On September 1, 2014, Carleton University lost an extraordinary first year Bachelor of Science student, Thomas Sorensen. Thomas passed away from a rare form of Muscular Dystrophy. He was an intelligent and caring person inspiring many throughout his life. His life was selflessly devoted to helping others and spreading awareness for disabilities. Thomas achieved his dream of attending Carleton with hopes of one day studying viral vectors to cure various diseases. He was the first student with a permanent disability to go through the faculty of science.
In the words of Thomas’ brother, Jamie…
Eighteen years is a beginning. The beginning of adulthood, of starting one’s life away from the constraints of societal pressures to go to school, and be a part of a system of limitation. At eighteen years, the world is your oyster and you are free to pursue any path you wish to take. My brother Thomas passed away at eighteen. However, his eighteen years were not by any means average. Thomas had a rare form of Muscular Dystrophy. And though he was physically confined to a wheelchair from an early age, his mind was brilliant and limitless. He was defined by his disability, but not in the way you would think. Thomas utterly refused to let his disease serve as an excuse, and instead wore it prominently for the world to see.
Throughout his life, Thomas was passionate in his quest for disability advocacy. He would never turn down an opportunity to educate anyone who was willing to listen, attending countless events and charity fundraisers as a speaker and representative. Thomas would not see life challenges as such, but rather as opportunities to prove they could be overcome. He would not avoid or even find a way around obstacles, but rather charge through them head on. As high school was wrapping up, Thomas was determined to confirm his independence and decided to pursue an education at Carleton University. Thomas’ dream was to study viral vectors as a means to cure disease. He successfully petitioned the government for funding to allow him to attend the University outside the province, which he deserved.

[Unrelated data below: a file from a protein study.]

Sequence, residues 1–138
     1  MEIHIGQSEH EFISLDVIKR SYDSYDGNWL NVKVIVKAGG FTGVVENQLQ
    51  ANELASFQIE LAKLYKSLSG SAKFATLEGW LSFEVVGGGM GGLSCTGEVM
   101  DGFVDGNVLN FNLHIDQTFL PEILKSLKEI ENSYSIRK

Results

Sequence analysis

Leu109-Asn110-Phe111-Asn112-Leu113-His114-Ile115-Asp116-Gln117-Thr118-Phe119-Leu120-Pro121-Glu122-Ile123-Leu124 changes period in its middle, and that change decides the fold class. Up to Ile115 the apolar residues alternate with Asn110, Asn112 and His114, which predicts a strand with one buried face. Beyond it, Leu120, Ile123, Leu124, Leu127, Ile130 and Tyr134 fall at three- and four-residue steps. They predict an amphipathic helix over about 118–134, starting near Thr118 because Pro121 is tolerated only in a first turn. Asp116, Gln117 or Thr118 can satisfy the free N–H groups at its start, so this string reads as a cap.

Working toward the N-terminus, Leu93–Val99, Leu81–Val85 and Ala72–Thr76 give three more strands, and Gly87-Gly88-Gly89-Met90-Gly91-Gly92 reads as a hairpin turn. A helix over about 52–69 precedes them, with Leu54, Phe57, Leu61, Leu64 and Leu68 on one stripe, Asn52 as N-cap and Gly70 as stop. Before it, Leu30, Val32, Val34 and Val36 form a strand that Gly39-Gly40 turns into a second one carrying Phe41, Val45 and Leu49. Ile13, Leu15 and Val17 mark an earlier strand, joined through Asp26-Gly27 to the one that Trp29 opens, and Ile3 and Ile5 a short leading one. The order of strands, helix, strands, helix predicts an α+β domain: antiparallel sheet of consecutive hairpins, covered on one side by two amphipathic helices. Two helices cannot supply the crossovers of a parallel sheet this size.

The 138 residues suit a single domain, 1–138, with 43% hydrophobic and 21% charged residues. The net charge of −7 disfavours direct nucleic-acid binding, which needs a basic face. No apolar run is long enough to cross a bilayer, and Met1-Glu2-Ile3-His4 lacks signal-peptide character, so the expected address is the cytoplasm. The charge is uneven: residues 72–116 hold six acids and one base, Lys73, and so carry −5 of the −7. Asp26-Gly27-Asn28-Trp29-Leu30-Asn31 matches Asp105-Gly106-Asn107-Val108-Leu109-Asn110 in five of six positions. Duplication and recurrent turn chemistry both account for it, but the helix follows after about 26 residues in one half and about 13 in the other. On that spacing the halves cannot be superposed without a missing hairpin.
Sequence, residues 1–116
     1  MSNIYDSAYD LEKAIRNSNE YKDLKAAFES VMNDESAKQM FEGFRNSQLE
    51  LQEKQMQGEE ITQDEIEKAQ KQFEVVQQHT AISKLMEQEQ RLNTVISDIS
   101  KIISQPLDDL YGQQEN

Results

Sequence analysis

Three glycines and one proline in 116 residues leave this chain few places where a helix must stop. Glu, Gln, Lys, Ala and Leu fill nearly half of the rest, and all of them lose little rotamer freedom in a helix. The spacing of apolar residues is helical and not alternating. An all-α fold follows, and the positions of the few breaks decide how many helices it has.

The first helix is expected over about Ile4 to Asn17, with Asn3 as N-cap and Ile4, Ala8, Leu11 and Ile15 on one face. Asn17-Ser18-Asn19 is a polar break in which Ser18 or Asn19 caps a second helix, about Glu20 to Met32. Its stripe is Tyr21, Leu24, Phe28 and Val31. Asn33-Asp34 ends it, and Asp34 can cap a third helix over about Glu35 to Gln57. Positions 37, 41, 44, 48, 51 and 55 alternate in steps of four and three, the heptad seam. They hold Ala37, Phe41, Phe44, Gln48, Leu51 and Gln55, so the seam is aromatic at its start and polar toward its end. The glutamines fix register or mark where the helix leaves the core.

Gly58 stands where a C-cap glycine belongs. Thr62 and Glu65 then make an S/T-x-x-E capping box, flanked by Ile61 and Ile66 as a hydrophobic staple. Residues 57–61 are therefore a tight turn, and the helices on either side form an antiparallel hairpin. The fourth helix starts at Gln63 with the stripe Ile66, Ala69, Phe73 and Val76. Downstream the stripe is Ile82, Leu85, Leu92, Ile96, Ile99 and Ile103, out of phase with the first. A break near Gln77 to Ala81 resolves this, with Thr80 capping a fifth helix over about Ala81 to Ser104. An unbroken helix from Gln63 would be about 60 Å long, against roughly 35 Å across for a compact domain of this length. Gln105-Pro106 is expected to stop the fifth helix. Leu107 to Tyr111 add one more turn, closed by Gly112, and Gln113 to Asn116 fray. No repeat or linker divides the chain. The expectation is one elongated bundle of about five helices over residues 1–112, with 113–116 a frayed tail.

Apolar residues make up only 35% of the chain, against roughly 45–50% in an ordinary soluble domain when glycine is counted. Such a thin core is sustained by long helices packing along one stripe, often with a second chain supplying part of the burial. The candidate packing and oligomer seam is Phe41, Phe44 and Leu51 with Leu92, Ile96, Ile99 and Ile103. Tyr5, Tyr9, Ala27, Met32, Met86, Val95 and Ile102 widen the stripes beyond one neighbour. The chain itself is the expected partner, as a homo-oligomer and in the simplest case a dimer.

While Thomas’ story is inspirational, there is more to it than his accomplishments. Thomas was an extremely caring individual. He would always find time for his friends and family, and was never afraid to introduce himself to someone new and include them in his life. He was full of wit, able to make anyone smile on their worst days, and was not one to complain about the problems he was facing in his own life. Whether it was determination or sheer stubbornness, there is no denying his internal drive to make the world a better place. Even in his final hours, he was not ready to go. Not out of fear, but out of an undying will to accomplish more. It is the hope of our family that this scholarship is a means for someone to assume the mantle Thomas has started. Eighteen years is a beginning. The beginning of a legacy of Thomas Sorensen.
The Thomas Memorial Scholarship will provide financial support to an undergraduate student with a permanent disability who is proceeding from one year to another in any program of study or starting their first year of study at Carleton University. The award will be granted annually, on the recommendation of the Paul Menton Centre and an application by the student will be required. Eligible recipients will be Canadian citizens.
This fund was endowed in 2016 in loving memory of Thomas Sorensen by his family and friends.
Thomas had big dreams, was a true advocate for persons with disabilities and devoted countless hours volunteering and fundraising for various charitable organizations. He would never turn down an opportunity to educate anyone who was willing to listen.